Car-scrapping bonus scheme soon to wrap up

THE FRENZY over Slovakia’s car-scrapping bonus is subsiding and only a few thousand bonuses remain unclaimed by those who must purchase a new car by the end of the year. Since the launch of the scheme, which the government introduced in March to help the ailing Slovak car industry and to partially renew Slovakia’s fleet of old cars, opinions on the real effects of the programme have been mixed.

Owners delivered a total of 44,200 old cars to scrapping yards to get a new car bonus.Owners delivered a total of 44,200 old cars to scrapping yards to get a new car bonus. (Source: SITA)

THE FRENZY over Slovakia’s car-scrapping bonus is subsiding and only a few thousand bonuses remain unclaimed by those who must purchase a new car by the end of the year. Since the launch of the scheme, which the government introduced in March to help the ailing Slovak car industry and to partially renew Slovakia’s fleet of old cars, opinions on the real effects of the programme have been mixed.

Prime Minister Robert Fico has admitted that Slovakia’s bonus programme, initiated along with 11 other EU countries, has had a negligible impact on the country’s extensive automotive industry, but he also perceives Slovakia’s participation as a stance in solidarity with other countries with strong automotive industries which first launched the idea. The government also sees the programme as a way to renew customer’s trust and, last but not least, as a way to improve the quality of Slovakia’s fleet of cars, heavily littered as it is with old and sometimes dangerous cars.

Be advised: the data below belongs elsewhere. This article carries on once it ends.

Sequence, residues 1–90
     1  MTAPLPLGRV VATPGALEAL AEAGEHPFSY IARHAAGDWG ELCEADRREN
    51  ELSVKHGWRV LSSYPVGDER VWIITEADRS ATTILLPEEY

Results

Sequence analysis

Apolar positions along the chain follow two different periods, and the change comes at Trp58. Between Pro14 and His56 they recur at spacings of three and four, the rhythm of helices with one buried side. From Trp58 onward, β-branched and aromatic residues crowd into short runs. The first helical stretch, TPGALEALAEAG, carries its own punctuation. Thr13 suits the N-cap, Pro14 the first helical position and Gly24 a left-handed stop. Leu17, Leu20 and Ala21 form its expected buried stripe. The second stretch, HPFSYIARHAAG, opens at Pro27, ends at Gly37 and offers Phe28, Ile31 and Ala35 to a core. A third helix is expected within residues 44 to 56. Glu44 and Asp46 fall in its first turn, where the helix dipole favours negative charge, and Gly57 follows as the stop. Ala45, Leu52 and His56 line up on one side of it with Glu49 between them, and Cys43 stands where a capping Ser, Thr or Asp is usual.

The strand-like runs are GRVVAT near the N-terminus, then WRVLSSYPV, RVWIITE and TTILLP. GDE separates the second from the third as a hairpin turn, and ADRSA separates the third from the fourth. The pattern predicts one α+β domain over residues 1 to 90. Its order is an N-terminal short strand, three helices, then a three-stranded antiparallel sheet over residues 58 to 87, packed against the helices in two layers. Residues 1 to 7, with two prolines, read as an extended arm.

“The measures taken in the EU against the impacts of the economic crisis respect the importance of the automotive industry, which in terms of employment, investment in research and development and sales turnover, as well as interconnections with other sectors represents one of the pillars of the current European economy,” the Slovak Economy Ministry wrote in a report on the outcomes of the car-scrapping bonus during the first seven months of 2009. “Supportive measures for the automotive industry are concentrating on providing loans to carmakers and suppliers and on support for the sales of cars to customers through subsidies.”

Europe produced 18 million vehicles annually before the economic downturn, accounting for about one-third of the world’s production. The automotive sector is Europe’s largest industrial employer and is a leading contributor to foreign trade surpluses since automobile exports significantly exceed imports for the entire EU, the report said.